Abstract
Using the ab initio anisotropic Eliashberg theory including Coulomb interactions, we investigate the electronphonon interaction and the pairing mechanism in the recentlyreported superconducting Caintercalated bilayer graphene. We find that C_{6}CaC_{6} can support phononmediated superconductivity with a critical temperature T_{c} = 6.8–8.1 K, in good agreement with experimental data. Our calculations indicate that the lowenergy Ca_{xy} vibrations are critical to the pairing and that it should be possible to resolve two distinct superconducting gaps on the electron and hole Fermi surface pockets.
Introduction
Recent progress in the fabrication of metalintercalated bilayer graphene^{1,2,3}, the thinnest limit of graphite intercalation compounds (GICs), opened promising new avenues for studying exotic quantum phenomena in two dimensions. Recently two independent studies reported the observation of superconductivity in Caintercalated bilayer graphene at 4 K^{4} and in Caintercalated graphene laminates around 6.4 K^{5}, while a third study presented evidence for superconductivity in Lidecorated monolayer graphene around 5.9 K^{6}. The electronphonon interaction is expected to play a central role in these observations, hence it is important to develop a detailed understanding of electronphonon physics in these newlydiscovered superconductors.
The strength of the electronphonon coupling (EPC) in graphite and graphene has been widely investigated using angleresolved photoelectron spectroscopy (ARPES), however the interpretation of the results is not always straightforward^{7,8,9,10,11,12,13}. For example the anisotropy of the EPC in alkalimetal decorated graphene generated significant debate in relation to the role of van Hove singularities^{10,11,12,14}. Furthermore the relative importance of the π^{*} bands and of the interlayer (IL) band in the pairing mechanism of bulk CaC_{6}^{15} has been the subject of an intense debate. Indeed several studies suggested that superconductivity arises from the EPC of both bands^{13,16,17,18,19,20}, while ARPES studies proposed that superconductivity sets in either the π^{*} bands or the IL band alone^{21,22}. This debate was reignited by the experimental observation of a freeelectron IL band in Ca and Rbintercalated bilayer graphene^{1,2,3}. The possibility of superconductivity in C_{6}CaC_{6} was suggested theoretically based on the analogy with bulk CaC_{6}^{23,24}, however predictive ab initio calculations of the critical temperature have not yet been reported.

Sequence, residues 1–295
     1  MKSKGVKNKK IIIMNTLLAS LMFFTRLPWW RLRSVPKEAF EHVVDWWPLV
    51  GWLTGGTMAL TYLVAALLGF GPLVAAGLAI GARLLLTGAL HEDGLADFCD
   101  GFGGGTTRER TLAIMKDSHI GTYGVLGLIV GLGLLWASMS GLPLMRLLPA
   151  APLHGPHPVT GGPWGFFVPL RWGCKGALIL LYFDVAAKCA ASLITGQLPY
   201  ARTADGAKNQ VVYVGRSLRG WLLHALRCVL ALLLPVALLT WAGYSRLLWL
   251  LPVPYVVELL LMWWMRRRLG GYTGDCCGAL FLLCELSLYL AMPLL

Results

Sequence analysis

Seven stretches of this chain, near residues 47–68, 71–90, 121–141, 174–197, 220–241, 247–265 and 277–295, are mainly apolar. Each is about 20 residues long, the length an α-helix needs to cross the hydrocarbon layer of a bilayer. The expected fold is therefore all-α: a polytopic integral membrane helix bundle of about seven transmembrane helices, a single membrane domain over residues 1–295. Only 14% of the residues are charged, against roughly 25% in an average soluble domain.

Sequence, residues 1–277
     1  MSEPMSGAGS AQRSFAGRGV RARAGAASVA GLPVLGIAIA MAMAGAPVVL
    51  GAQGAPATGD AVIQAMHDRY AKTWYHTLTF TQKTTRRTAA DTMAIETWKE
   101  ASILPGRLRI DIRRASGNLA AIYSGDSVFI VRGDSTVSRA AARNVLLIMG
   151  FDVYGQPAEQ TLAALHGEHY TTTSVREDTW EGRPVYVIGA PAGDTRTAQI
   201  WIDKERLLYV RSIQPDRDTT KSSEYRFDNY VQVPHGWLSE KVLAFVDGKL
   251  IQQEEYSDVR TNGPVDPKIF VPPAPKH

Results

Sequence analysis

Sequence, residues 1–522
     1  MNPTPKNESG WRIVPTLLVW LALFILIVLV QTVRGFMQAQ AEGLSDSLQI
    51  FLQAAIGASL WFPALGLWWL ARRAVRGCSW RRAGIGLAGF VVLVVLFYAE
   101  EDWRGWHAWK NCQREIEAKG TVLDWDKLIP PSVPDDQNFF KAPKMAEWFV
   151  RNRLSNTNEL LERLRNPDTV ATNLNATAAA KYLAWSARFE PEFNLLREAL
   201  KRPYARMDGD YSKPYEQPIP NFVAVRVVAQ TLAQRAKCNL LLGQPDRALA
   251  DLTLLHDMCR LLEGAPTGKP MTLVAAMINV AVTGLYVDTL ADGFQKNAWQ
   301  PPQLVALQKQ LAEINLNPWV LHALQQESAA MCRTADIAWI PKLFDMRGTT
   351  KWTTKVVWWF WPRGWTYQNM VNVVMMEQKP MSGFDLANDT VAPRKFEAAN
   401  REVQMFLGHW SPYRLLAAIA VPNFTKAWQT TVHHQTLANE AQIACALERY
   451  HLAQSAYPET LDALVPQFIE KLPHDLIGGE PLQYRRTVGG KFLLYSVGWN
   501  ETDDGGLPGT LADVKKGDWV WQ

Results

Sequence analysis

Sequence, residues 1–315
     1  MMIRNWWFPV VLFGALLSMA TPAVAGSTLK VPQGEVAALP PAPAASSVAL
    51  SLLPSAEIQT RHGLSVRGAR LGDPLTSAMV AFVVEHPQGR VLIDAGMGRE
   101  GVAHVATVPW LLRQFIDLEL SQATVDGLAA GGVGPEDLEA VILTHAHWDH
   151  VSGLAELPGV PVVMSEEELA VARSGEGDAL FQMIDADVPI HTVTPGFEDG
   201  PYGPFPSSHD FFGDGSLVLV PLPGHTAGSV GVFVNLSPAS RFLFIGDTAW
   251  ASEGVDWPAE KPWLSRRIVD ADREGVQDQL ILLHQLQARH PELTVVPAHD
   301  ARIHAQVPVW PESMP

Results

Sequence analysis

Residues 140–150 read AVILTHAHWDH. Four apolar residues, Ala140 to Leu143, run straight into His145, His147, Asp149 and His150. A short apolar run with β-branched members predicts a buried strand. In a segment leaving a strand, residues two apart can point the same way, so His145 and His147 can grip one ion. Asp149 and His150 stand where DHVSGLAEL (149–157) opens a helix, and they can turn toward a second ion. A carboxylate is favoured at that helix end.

In this work we elucidate the role of the electronphonon interaction in the normal and in the superconducting state of C_{6}CaC_{6} by performing stateoftheart ab initio calculations powered by electronphonon Wannier interpolation^{25,26}. For the normal state we study the electron selfenergy and spectral function in the Migdal approximation; for the superconducting state we solve the anisotropic MigdalEliashberg equations including Coulomb interactions from first principles. Our main findings are: (i) superconductivity in C_{6}CaC_{6} can be explained by a phononmediated pairing mechanism; (ii) in contrast to bulk CaC_{6}, lowenergy Ca vibrations are responsible for the majority of the EPC in the superconducting state; (iii) unlike bulk CaC_{6}, C_{6}CaC_{6} should exhibit two superconducting gaps. For clarity all technical details are described in the Methods.
Figure 1(a) shows a ballandstick model of Caintercalated bilayer graphene, while Fig. 1(b–d) show the corresponding band structure, Brillouin zone and Fermi surface, respectively. Two sets of bands cross the Fermi level around the Γ point. The bands labeled as α^{*} and β^{*} in Fig. 1(b) represent π^{*} states and are obtained by folding the Dirac cone of graphene from K to Γ, following the superstructure induced by Ca. The band labeled as IL is the Caderived nearlyfree electron band, which disperses upwards from about 0.5 eV below the Fermi energy at Γ^{1,23,24}. In Fig. 1(d) we see two sets of Fermi surface sheets: triangular hole pockets around the K′ points, corresponding to the states; and a bundle of small electron pockets around Γ, which arise from the other π^{*} states (, and ) and from the IL band.